It’s Time for Civilian Oversight of OPD

We urge the Oakland City Council to place a measure on the November ballot that would create a citizen-run Public Safety Oversight Committee.

Based on the most recent report issued by federal monitor Robert Warshaw, the Oakland Police Department will most likely require months of additional court monitoring — after eleven years of failure to comply with the Negotiated Settlement Agreement (NSA). No other city in the United States has taken so long to bring its police department into compliance with a federal consent decree.

It is indisputable that the City of Oakland has lacked the ability to hold its police department accountable to the public it is sworn to protect and serve, and this inadequacy has led to the expenditure of many millions of dollars on costly lawsuits, court monitoring, and outside consultants — resources that might have been used to hire additional police officers or meet other critical needs.

The Coalition for Police Accountability, composed of Oakland residents, was formed to address this crisis and has drafted a ballot measure to amend the city charter to create a Public Safety Oversight Commission (PSOC). This initiative is being sponsored by City Council Public Safety Committee Chair Noel Gallo and was scheduled to be discussed at its meeting on Tuesday, June 24.  

Currently, the city administrator manages the personnel matters of the Oakland Police Department (OPD) and all other city departments. This authority is granted by the city charter. This initiative would transfer authority to discipline officers found to have violated policy to the PSOC. The PSOC would also make budget and policy recommendations to the mayor and city council for implementation.  

This structure is based on the police commission model in Los Angeles and San Francisco. The PSOC would consolidate the staff of the existing Citizens Police Review Board and Community Policing Advisory Board — so no additional taxation would be sought. The mayor and city council members would retain authority to make final decisions concerning the budget, policies, major program initiatives, and the selection of the police chief.

The Oakland police union — the Oakland Police Officers Association (OPOA) — believes that police officers do not need civilian oversight, and that they can adequately police themselves. And for decades, the city’s leadership has deferred to this view. The result has been clear: OPD has failed to adhere to the terms of the NSA and complete its mandated reforms within five years, revealing an ingrained resistance to change that has prolonged noncompliance.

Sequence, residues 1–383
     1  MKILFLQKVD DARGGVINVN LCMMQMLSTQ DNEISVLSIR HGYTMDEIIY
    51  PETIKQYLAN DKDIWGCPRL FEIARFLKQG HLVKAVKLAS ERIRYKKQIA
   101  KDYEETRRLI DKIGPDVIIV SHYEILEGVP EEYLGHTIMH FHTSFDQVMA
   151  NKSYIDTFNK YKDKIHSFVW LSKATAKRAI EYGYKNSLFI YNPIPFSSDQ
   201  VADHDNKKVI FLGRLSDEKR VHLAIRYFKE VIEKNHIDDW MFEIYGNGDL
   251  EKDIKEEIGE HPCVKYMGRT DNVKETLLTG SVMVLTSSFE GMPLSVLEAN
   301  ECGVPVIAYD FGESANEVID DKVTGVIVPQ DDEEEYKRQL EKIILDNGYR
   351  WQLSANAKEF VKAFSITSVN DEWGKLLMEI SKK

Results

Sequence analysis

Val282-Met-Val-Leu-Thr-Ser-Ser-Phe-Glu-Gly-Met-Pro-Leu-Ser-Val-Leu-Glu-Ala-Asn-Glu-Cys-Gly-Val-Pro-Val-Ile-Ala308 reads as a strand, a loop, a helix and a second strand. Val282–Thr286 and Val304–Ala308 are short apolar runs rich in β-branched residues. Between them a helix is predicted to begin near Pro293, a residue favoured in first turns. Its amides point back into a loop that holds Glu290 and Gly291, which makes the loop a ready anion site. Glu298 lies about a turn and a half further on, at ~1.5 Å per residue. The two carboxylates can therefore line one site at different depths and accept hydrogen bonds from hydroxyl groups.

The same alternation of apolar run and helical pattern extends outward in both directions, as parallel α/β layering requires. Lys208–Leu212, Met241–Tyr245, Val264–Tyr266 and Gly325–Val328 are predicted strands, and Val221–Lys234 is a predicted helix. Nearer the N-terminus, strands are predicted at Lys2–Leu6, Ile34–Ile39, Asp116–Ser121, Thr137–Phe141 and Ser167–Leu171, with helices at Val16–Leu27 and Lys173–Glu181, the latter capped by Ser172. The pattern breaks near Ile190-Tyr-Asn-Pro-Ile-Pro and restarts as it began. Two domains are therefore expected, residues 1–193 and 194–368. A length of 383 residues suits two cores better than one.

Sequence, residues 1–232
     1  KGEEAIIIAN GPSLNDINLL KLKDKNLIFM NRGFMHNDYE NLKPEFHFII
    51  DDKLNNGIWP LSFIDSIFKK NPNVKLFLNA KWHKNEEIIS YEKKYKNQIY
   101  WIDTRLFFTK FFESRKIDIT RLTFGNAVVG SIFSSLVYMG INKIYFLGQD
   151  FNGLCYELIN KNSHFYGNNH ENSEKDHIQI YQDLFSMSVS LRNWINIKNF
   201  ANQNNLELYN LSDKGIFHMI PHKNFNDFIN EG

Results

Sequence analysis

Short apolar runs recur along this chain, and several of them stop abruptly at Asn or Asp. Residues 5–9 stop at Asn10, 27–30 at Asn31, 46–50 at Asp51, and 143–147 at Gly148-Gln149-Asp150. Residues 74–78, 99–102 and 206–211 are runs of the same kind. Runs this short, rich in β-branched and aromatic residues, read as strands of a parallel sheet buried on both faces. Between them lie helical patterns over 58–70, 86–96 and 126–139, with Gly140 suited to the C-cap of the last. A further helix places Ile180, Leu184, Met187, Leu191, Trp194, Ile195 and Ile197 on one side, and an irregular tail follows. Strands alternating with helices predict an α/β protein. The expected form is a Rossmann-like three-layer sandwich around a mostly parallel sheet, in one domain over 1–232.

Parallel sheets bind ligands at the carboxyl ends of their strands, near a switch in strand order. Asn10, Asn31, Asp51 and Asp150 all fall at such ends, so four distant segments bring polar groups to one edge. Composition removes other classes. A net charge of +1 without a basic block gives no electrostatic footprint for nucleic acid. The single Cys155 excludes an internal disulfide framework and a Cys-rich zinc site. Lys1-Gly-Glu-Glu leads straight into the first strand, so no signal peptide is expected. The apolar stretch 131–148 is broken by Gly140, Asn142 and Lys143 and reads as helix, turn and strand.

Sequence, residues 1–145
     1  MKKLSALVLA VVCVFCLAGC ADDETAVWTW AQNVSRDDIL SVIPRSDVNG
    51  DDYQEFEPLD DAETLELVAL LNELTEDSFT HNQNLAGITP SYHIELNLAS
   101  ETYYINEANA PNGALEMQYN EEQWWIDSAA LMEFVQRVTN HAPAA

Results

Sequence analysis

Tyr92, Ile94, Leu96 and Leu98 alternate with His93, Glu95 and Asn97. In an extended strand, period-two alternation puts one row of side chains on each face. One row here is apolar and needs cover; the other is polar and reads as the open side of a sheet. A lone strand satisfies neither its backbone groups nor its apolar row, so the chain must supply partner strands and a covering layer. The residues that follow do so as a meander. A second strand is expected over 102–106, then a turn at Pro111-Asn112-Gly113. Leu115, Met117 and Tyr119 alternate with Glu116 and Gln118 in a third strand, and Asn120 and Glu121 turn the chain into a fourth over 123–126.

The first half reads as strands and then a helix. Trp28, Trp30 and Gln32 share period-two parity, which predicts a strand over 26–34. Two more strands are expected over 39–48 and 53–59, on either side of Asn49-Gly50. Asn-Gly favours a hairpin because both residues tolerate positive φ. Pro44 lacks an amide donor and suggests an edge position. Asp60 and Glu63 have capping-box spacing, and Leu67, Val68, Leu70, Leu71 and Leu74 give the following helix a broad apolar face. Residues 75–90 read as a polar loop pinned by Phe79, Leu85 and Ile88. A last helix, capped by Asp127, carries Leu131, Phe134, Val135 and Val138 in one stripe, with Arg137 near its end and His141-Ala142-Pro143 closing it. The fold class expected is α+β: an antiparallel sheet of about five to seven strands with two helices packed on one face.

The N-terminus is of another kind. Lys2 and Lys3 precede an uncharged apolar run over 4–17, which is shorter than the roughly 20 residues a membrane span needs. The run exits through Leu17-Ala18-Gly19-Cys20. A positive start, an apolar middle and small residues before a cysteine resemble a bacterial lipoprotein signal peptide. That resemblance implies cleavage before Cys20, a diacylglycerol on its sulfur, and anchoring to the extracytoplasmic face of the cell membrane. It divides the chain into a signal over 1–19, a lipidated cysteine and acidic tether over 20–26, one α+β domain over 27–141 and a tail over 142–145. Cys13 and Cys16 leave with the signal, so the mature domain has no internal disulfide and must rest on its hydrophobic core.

The solution we propose protects reforms and best practices by using Oakland citizens — instead of expensive federal court monitors — to oversee the implementation of structural change in OPD policy, practice, and fiscal management. If the city’s residents and leaders do not install adequate civilian oversight of OPD, we may find ourselves going “back to the future,” with further expensive lawsuits and misconduct settlements after the NSA is concluded.

These issues are critical. Neglecting the need to create adequate local mechanisms of police oversight for so many years has resulted in massive, prolonged expenses that Oakland simply can’t afford. The city council owes it to the residents, its constituents, to allow them to choose in November whether or not to adopt this long-overdue corrective measure.

Two years ago, citizens’ groups proposed a similar measure. But our circumstances are very different now. In 2012, we didn’t have the time and the organization to get the ball rolling. In addition, a Public Safety Oversight Committee, if it would have been created back then, would have run afoul of the OPOA’s contract with the city. But we believe that issue is no longer a roadblock.

The provisions of the current measure, if passed by voters on November 4, 2014, would not take effect until either 180 days after the election or the termination of the NSA. That brings us up to around June 30, 2015, when the current OPOA contract expires. And this charter amendment would preclude any provisions of a new contract between OPOA and the city that would conflict with the language of the measure.


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